It was put to me this week that Samit Patel is a bits-and-pieces cricketer. I bridled at this assertion without quite knowing why.
Now, I'll be honest, early exposure to the sight of Ian Austin barrelling in to bowl has left me with a deep-seated appreciation of well-fed cricketers, but I don't consider Samit to be one of my absolute favourites. I'm pretty sure my reaction to this pejorative labelling was based on logical but unconscious reasoning rather than being a purely emotional response. After all, the newly svelte Samit is a fading star in the fat-cricketer firmament these days.
So what was it then? Why was I so instantly convinced that Samit Patel is not a bits-and-pieces cricketer? Well, I guess the obvious thing to do is to first try and define what constitutes a bits-and-pieces cricketer.
For many people, an allrounder has to be worth his place in the side as a batsman or bowler alone in order to justify inclusion. If this is the case, is a bits-and-pieces cricketer someone who doesn't pass muster in either discipline?
Samit Patel "does a job" as a bowler, and while he's a decent batsman, he's probably not one of the six best in England. However, I still can't bring myself to pin the "bits and pieces" badge to one of his moobs. He's just too good a batsman. His county, Nottinghamshire, consider him good enough to bat in the top four.
Samit Patel is a worthy batsman whose physique and lifestyle constrain him to fingerspin. He's basically the next Darren Lehmann. Even if he finds his way into England's Test team in a bits-and-pieces role - batting at seven, bowling a few fill-in overs - he's fundamentally more than that.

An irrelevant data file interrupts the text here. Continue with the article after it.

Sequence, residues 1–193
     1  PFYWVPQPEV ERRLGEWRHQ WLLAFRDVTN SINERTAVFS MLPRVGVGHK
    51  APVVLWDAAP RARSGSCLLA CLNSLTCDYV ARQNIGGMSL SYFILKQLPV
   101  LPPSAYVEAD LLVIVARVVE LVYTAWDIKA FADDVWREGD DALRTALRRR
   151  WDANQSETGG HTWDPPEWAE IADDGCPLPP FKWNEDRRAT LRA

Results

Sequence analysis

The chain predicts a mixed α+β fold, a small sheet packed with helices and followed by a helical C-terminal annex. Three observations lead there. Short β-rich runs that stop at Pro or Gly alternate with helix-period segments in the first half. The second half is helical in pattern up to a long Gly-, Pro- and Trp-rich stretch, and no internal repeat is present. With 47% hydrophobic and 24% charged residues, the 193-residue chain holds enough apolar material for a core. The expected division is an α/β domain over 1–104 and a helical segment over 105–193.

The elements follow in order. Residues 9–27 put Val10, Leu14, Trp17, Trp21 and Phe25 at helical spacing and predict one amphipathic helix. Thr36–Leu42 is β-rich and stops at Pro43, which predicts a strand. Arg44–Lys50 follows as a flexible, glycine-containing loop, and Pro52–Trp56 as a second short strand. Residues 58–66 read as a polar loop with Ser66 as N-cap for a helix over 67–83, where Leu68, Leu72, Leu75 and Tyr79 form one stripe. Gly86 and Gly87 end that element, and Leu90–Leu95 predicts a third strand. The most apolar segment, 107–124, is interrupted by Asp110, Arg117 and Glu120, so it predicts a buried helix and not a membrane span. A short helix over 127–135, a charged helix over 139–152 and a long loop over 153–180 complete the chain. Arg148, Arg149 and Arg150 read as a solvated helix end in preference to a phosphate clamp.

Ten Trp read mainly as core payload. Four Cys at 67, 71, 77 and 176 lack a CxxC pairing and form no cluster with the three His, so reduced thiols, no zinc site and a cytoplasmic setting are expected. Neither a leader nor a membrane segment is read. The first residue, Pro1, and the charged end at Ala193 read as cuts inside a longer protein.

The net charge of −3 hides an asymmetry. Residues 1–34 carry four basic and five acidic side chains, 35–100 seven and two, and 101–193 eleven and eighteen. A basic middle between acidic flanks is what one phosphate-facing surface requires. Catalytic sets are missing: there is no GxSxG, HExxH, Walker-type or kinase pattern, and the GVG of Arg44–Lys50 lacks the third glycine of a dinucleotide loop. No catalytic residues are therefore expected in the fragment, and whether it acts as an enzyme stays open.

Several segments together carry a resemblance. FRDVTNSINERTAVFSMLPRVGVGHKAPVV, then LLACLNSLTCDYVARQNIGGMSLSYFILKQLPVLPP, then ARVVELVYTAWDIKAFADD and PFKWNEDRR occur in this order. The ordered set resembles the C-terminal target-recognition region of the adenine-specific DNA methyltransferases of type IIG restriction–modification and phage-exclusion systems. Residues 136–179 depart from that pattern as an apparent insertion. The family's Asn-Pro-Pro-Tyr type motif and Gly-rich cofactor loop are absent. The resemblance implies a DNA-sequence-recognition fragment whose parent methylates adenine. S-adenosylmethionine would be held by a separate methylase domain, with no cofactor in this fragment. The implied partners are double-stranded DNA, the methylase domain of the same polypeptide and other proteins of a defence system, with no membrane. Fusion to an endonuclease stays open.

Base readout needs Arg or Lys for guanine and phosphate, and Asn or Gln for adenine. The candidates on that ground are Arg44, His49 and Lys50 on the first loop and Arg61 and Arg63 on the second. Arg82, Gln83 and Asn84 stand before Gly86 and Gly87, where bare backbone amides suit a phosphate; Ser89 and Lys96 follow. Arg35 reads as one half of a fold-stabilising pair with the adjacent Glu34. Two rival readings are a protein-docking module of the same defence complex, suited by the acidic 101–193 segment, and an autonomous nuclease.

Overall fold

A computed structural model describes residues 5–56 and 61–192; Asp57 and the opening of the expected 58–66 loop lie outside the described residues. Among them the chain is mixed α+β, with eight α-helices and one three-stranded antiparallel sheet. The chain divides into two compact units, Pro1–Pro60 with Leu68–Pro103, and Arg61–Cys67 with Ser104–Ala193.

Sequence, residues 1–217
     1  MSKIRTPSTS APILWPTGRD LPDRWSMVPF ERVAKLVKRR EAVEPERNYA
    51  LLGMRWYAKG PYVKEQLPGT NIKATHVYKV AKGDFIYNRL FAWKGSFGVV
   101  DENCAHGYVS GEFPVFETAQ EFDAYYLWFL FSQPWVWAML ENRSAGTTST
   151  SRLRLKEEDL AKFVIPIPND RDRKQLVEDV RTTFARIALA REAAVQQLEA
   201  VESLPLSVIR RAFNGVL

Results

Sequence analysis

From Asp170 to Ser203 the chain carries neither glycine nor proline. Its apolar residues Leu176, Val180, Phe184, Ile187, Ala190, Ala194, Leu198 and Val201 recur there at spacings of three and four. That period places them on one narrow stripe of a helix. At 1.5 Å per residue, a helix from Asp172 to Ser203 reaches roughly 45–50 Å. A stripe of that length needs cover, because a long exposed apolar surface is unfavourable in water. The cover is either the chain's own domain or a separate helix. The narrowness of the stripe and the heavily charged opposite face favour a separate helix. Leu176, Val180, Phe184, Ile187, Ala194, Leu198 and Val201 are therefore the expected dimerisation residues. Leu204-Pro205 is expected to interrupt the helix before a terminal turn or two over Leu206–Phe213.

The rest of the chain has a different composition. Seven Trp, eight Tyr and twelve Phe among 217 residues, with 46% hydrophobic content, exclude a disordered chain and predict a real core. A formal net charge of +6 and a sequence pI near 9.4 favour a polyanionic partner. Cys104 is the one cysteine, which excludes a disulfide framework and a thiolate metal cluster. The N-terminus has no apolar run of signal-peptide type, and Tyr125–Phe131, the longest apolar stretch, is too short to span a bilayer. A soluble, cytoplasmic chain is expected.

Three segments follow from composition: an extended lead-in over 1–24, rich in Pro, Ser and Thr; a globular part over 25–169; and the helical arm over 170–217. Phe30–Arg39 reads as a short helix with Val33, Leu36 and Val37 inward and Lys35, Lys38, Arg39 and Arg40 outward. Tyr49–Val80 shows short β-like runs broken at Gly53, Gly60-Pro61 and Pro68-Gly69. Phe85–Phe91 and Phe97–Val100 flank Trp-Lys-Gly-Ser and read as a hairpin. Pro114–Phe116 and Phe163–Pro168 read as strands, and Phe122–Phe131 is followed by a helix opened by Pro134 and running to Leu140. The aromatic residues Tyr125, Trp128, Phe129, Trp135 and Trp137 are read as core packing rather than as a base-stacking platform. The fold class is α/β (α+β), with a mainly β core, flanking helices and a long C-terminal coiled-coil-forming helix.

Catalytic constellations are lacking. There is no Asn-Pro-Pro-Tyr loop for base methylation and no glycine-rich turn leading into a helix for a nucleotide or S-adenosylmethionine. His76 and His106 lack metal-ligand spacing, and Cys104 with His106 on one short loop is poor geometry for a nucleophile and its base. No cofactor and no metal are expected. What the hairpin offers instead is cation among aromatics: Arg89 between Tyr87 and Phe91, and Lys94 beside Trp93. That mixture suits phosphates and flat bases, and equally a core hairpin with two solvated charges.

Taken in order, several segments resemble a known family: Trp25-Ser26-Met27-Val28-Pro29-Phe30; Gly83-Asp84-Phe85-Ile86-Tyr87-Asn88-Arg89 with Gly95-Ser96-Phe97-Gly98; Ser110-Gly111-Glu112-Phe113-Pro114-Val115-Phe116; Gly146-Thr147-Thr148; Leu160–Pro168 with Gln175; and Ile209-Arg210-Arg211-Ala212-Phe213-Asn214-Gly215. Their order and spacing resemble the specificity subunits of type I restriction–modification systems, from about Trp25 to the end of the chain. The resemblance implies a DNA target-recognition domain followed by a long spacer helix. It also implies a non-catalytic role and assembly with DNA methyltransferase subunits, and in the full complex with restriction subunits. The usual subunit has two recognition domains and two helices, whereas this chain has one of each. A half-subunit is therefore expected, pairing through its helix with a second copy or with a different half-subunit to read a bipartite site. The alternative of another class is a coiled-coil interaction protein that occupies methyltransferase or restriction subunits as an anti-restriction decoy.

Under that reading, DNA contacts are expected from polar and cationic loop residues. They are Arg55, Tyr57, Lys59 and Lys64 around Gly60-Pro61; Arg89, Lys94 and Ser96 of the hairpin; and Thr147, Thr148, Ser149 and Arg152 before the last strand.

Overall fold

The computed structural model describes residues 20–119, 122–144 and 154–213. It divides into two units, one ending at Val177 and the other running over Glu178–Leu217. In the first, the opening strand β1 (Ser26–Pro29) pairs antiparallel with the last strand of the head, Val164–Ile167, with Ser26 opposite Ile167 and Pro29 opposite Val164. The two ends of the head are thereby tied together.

It's to do with potential and expectations. Samit Patel might well find himself batting down the order, but you still feel he might just have a Test hundred in him. This would never be the case with a bits-and-pieces cricketer worthy of the name. Bits-and-pieces cricketers are selected in the sure knowledge that they will deliver mediocrity and nothing more. A player who so much as threatens to make a meaningful contribution in a match is something else entirely.
Think of men like Dermot Reeve. These are players you pick envisaging a best-case scenario where they score 20-odd down the order and take 1 for 60 with bowling that you assume must be spin but isn't.
Or what about the greatest bits-and-pieces cricketer of them all, New Zealand's Chris Harris? A cricketer, yes. But was he a batsman? Was he a bowler? The truth is, he was neither - and he was less besides. Harris earned himself 250 one-day internationals, in which he averaged 29 with the bat - despite being not out in a quarter of his innings - and 37.50 with the ball. Admirable stuff. That's what cricket's all about.
So there we have it. To call Samit Patel a bits-and-pieces cricketer may be disrespectful to the man himself, but it's also disrespectful to a noble lineage of dobbers and hackers who are truly worthy of that illustrious label.
Alex Bowden blogs at King Cricket